6 large plums
3 slices of bread, made into breadcrumbs
6 tbsp demerara sugar
a knob of butter
– Slice the plums into 1/8ths and remove the stones.
– Put in a pudding basin and sprinkle with half the sugar.
– Top this with the bread crumbs and sprinkle with the other half of the sugar.
– Slice up the knob of butter and dot it all over the top.
– Place in the oven for an hour at Gas mark 5 or if you have something else cooking as a main course then put it in with that until the juice bubbles up and stains the crumbs.
250g tub marscapone
5 tbsp cream or creme fraiche
5 tbsp icing sugar
8 digestive biscuits, crushed
250g summer fruits (Take frozen summer fruits, sprinkle with sugar and leave for a few hours til defrosted)
Fresh fruit to garnish
– Mix together the marscapone, cream and icing sugar in a small bowl.
– Put the crushed digestive biscuits in the bottom of the ramekin dishes.
– Top the biscuit with a few spoons of fruit, including the juices, dividing it evenly between the bowls.
– Spoon the marscapone mix on top of the fruit layer.
– Smooth down and garnish with a few pieces of fresh fruit.
– Chill for at least 30 minutes.
1kg frozen summer fruits
~12 slices white bread, a few days old, crusts removed
– Put the fruit and sugar in a large pan. Cover and heat gently until the juices flow and the sugar is dissolved.
– Line a pudding basin with clingfilm then butter the inside.
– Cut the bread into a circle to fit the base of the bowl and strips to cover the sides and top of the bowls also. Arrange the bread so that the base and walls of the bowl are covered.
– Using a slotted spoon take the fruit from the liquid and put in the basin. Occasionally spooning on some of the juice so it permeates the whole pudding.
– Place the bread on the top of the fruit and spoon on some more of the juice.
– Put a small plate of saucer on top of the pudding and gently weight it down. Don’t press too hard or it can all squish out.
– Place in the fridge for at least 24 hours.
– To serve gently turn out onto your serving plate and ease the cling film out the peel off. This may not be the easiest step and can all go horribly wrong. Don’t worry, I guarantee it will still taste good!!
– Serve with cream.
– Heat your oven to gas mark 3 and line 2 large baking sheets with baking paper.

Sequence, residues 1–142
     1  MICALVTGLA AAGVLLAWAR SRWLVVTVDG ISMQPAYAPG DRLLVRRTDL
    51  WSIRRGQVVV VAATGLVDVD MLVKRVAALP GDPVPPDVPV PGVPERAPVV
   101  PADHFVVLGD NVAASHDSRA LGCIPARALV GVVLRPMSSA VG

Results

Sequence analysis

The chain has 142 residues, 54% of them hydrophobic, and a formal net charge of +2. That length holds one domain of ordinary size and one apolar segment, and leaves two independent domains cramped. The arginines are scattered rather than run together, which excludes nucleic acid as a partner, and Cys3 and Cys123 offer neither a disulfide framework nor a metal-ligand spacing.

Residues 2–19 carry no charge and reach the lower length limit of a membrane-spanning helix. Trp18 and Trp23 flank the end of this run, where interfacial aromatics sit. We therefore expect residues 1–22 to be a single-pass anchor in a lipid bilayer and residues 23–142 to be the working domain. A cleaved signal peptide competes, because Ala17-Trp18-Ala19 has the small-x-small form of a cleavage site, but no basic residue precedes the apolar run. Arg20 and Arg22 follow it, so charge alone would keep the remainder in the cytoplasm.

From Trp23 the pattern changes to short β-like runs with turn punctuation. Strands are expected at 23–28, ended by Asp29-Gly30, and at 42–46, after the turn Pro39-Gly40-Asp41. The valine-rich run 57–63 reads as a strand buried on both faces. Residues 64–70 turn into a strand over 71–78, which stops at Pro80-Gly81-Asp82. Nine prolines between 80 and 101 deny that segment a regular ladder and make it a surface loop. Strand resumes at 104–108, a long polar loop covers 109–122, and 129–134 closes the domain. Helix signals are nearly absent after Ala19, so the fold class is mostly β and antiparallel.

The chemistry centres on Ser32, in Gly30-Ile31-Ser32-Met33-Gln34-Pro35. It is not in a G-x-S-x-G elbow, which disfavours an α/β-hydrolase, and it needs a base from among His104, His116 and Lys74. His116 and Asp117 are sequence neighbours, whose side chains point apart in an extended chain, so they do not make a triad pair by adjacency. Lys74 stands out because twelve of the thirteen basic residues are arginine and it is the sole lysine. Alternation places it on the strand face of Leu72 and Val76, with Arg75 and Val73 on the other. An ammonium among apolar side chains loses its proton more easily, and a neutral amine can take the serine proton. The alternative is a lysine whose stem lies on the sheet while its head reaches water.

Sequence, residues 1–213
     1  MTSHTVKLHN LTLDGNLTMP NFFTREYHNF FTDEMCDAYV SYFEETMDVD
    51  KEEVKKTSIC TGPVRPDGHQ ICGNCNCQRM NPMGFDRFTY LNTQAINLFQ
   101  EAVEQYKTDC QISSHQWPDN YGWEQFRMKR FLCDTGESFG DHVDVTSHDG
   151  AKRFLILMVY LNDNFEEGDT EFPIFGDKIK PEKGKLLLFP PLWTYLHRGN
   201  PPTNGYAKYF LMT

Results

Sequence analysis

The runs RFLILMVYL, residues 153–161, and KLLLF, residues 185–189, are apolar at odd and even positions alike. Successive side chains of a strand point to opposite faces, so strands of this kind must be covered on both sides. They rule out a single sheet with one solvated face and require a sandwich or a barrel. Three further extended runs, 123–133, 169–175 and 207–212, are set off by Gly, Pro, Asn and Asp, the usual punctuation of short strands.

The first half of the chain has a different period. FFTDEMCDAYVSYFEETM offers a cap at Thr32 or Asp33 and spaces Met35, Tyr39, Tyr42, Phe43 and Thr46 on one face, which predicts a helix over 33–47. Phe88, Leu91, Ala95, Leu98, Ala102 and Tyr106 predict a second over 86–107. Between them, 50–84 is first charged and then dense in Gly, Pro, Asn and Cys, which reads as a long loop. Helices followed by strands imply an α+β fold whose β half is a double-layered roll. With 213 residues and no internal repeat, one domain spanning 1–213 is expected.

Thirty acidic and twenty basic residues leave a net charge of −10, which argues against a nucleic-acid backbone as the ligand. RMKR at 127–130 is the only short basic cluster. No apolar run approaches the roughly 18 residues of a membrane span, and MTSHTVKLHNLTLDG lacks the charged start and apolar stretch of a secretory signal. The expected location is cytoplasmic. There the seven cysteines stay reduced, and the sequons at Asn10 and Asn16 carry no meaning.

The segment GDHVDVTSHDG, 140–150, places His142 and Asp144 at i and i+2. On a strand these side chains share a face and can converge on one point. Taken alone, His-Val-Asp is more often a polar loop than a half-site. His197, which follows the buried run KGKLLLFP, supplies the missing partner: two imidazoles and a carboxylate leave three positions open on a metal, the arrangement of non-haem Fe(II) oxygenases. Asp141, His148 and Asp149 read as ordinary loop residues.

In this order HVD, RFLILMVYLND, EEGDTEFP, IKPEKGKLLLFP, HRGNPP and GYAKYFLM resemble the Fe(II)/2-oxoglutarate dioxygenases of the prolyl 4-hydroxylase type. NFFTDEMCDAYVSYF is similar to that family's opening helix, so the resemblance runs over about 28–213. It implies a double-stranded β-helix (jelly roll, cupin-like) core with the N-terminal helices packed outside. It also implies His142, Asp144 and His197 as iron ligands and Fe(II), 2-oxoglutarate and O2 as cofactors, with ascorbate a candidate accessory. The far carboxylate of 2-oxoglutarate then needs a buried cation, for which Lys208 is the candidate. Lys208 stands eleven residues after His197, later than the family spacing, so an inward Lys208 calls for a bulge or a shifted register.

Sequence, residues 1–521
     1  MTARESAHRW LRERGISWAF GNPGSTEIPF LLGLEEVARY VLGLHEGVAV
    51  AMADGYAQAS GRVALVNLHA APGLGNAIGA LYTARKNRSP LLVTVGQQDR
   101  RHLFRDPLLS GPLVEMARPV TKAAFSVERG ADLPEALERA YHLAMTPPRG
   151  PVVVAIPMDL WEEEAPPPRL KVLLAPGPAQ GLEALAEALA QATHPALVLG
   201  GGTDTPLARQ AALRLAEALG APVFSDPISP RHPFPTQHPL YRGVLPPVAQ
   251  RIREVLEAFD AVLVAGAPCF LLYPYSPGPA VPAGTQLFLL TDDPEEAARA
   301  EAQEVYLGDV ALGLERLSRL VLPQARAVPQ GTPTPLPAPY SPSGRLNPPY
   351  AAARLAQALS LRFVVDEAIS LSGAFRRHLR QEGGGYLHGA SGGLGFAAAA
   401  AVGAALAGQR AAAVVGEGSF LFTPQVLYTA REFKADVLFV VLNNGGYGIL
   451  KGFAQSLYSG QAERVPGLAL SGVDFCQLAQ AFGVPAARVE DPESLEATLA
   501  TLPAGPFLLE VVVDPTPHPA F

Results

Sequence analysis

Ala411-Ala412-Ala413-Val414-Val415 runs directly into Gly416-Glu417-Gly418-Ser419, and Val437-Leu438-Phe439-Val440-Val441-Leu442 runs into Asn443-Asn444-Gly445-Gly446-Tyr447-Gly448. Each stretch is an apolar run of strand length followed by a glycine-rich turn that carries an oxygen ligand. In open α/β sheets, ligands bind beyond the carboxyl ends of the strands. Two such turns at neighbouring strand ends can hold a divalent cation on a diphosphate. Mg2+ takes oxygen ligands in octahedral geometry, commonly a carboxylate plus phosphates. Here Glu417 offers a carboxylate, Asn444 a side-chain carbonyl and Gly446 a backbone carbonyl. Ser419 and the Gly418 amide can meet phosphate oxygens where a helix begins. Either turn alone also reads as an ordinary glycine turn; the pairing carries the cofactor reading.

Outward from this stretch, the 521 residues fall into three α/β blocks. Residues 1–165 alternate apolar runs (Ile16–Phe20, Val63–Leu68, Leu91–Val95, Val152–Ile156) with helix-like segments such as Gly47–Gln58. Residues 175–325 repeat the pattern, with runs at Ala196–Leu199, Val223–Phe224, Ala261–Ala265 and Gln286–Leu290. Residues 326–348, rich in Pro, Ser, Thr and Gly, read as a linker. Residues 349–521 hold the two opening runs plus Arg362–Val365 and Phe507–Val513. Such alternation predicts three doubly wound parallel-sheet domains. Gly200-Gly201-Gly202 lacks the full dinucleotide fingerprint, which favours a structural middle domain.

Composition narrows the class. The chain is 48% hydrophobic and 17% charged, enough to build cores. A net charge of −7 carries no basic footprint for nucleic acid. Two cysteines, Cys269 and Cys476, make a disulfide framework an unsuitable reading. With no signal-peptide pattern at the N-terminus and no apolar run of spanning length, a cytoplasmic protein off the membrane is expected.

– Whisk the egg whites in a scrupulously clean glass bowl until stiff.
– Whisk in the sugar a spoon full at a time, adding the colouring with the last of the sugar.
– Continue to whisk until the colouring is fully mixed and the mixture is stiff and glossy.
– Spoon the mixture into a piping bag fitted with a wide star nozzle and pipe onto the baking paper in swirls approximately 5cm wide.
– Place in the oven and bake for 1 hour or until solid.
*I like Asda’s natural pink colouring as it makes a delicate pastel pink instead of the irradiated salmon pink you usually get. Alternately if you are serving it with fruit as I did you can use a few spoonfuls of the colourful juice. I didn’t do that this time as I was making the meringues a few days in advance.
I served these by gently spreading a layer of marscapone on each swirl, then sandwiching a spoonful of mixed summer fruits between the two layers. They’re a tiny bit messy to eat but delicious! The meringue is deliciously chewwy inside, if you want a harder meringue then bake for longer. Even on their own these swirls make a delicious mouthful.
I made this a few months back and have only just got round to putting the recipe up. It’s too late for elderflowers now but keep it in mind for next year. I’m well known for drinking nothing but diet coke and I think this stuff is delicious!
Makes around 2.5 litres
1.8 litres boiling water
25 very fresh large elderflower heads
50g citric acid*
2 medium oranges, sliced
2 large lemons, sliced
– Put the sugar ina large bowl or pan (I used a jam pan) and pour on the boiling water. Stir until the sugar is dissolved and leave to cool for 30 mins.
– Meanwhile pluck the flowers from the stalks, making sure to remove any bugs. You can leave little bits of stalk in but nothing too thick or it will spoil the flavour.
– Add the citric acid, sliced fruit and flowers to the sugar syrup, stir well and then cover and leave in a cool place to infuse for 24 hours stiring from time to time.
– After 24 hours heat the oven to Gas Mark 1 and put 3 or 4 thoroughly washed and rinsed screw top wine bottles in for 15 minutes. Remove and leave to cool for another 15 mintues. Put the tops in boiling water for a few minutes to sterilise them.
– Strain the elderflower liquid through a seive lined with muslin or a clean teatowel making sure there are no bits.
– Pour into the prepared bottles, seal and leave to cool. When cool place in a cool dark place to store, or perferably a fridge.
– Drink diluted with cold fizzy or tonic water.
*Can be bought from most traditional chemists, you usually have to ask as apparently heroin addicts use it for something and so they restrict access.
Hi, I'm Anna and this is what's going on in my kitchen and growing in my garden.
Everything you see here is how it looked as I cooked and ate it. I don't like to make things too fussy. I want you to know that if you try one of my recipes what you see is what you'll get.
Don't forget to leave a comment, I love to know what you're thinking and if you do try out a recipe then let me know how it worked for you. Happy cooking!